Crossroads United Church began on July 1, 2009 as the amalgamation of Royal Heights United Church and St. John’s Strawberry Hill United Church.
As early as 1910, Christians gathered for worship in the rural area known as “Strawberry Hill.” In 1922, a Presbyterian congregation built a little white steepled church on the current site of Crossroads, but did not become a “Union church” in 1925 when the United Church of Canada was formed. By 1942, that Presbyterian congregation disbanded, the building stood empty, and the congregation of the United Church of Canada which had used the building for their evening services between 1937-1942 petitioned the Presbyterian Church in Canada to rent or sell the building. In 1945, the United Church congregation bought the property for $800, and after considerable repair and alterations, the little church was re-opened for services on May 6, 1945. A Christian Education hall was built in the 1960’s.
During the 1950’s, when the church was growing, and settlement of North Delta increased, those living in the North end of North Delta began to talk with United Church officials about planting another congregation. Royal Heights United Church, located on 116th Street at 92nd Avenue, was constituted in May 1959 and a small church (lovingly known as “Solomon’s Porch”) was built in 1960. In 1969, Royal Heights joined with Oak Avenue United Church to become the two-point pastoral charge of Oak Avenue-Royal Heights. In 1984 Royal Heights became a single-point charge and employed a full-time minister on its own.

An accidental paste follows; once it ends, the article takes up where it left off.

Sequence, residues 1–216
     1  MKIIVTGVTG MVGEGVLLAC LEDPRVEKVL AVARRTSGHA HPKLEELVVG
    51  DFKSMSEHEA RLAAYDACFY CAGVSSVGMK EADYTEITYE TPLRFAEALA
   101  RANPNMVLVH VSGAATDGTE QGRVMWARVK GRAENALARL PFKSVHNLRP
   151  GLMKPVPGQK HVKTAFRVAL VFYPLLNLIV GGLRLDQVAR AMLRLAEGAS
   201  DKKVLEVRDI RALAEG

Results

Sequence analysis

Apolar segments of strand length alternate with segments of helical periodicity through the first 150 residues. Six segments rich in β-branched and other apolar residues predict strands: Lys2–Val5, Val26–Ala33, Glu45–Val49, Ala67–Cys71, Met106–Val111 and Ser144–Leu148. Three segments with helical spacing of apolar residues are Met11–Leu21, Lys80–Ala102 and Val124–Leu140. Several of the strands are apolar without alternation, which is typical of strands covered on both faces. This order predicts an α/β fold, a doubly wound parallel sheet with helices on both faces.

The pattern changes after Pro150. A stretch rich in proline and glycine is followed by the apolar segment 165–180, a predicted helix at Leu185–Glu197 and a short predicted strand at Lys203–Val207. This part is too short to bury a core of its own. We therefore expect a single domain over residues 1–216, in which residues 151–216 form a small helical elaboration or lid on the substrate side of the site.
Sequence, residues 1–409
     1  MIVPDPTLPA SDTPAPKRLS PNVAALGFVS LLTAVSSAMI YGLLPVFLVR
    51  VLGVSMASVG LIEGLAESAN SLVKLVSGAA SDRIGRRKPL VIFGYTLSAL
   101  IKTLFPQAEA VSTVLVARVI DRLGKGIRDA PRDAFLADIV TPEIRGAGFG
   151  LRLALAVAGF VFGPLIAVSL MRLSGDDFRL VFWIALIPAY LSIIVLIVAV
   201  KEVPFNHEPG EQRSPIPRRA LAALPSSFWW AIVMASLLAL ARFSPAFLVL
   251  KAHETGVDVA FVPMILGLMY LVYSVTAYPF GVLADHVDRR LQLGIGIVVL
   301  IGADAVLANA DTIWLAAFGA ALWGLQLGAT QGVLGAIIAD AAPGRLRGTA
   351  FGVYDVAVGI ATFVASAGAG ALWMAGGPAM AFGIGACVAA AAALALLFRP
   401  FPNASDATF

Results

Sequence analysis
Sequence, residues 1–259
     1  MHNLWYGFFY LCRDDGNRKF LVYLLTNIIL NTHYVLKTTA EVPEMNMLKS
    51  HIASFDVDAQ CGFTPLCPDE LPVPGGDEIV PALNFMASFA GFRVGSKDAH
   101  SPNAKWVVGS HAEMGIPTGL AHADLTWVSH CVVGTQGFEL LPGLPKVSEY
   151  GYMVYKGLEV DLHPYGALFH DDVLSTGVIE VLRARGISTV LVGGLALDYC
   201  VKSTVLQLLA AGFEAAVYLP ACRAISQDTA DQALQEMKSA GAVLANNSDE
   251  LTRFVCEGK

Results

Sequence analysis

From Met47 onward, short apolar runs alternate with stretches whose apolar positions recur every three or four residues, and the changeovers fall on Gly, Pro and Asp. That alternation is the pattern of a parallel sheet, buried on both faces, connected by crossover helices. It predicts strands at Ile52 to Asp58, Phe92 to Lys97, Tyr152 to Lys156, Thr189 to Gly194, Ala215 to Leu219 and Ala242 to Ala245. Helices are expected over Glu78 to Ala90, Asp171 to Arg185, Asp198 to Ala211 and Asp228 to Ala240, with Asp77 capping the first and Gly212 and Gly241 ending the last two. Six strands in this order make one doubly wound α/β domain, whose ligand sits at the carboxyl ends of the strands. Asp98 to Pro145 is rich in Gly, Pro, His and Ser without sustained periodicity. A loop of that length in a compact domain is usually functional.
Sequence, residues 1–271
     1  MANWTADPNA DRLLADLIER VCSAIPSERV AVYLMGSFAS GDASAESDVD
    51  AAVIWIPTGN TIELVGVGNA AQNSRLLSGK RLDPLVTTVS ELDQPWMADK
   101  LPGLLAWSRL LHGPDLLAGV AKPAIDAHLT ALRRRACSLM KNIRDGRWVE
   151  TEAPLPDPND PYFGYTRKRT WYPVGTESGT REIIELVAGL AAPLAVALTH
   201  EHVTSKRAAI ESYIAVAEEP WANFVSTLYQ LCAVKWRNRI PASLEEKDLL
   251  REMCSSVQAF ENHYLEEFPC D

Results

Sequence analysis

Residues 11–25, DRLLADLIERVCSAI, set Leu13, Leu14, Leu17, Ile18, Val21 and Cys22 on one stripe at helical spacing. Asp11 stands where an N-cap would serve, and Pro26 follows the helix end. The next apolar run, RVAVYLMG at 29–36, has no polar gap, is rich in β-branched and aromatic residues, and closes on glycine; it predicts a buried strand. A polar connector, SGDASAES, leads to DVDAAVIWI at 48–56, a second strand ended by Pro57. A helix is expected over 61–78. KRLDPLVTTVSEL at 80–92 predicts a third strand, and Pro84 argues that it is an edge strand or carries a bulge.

During the 1980’s both founding congregations of Crossroads were experiencing significant growth, and began to feel their worship space was inadequate. In 1983, St. John’s built a new sanctuary, office space, and classrooms. In 1987, Royal Heights made a similar extension to the existing church, including a new spacious sanctuary.
The founding congregations of Royal Heights and St. John’s cooperated as neighbouring congregations in ministry through the decades, and even occasionally mentioned the word amalgamation, but it was not until 2007 that the conversation began in earnest. A visioning event (held at St. Cuthbert’s Anglican church and facilitated by the Rev. Don Robertson) provided both the energy and the vision the two congregations sought in order to amalgamate for more than merely practical reasons. The vision statement articulated out of that event, and the sense of shared purpose, cooperation and faithfulness to God’s call increasingly felt by members of our two founding congregations, carried us through many difficult decisions. The overwhelming experience of Crossroads United Church is that throughout our journey, God has given us everything we have needed. Thanks be to God!
Where did we get our “Crossroads” name?
During our amalgamation process, we held a potluck dinner with several courses, during which proponents of various potential names for the new congregation could “pitch” their name, then we had a series of votes. With each course of the meal, there were fewer names on the list of possibilities.
The name of “Crossroads” United Church was inspired by this verse in Scripture:
“Thus says the Lord: Stand at the crossroads, and look, and ask for the ancient paths, where the good way lies, and walk in it, and find rest for your souls” (Jeremiah 6:16)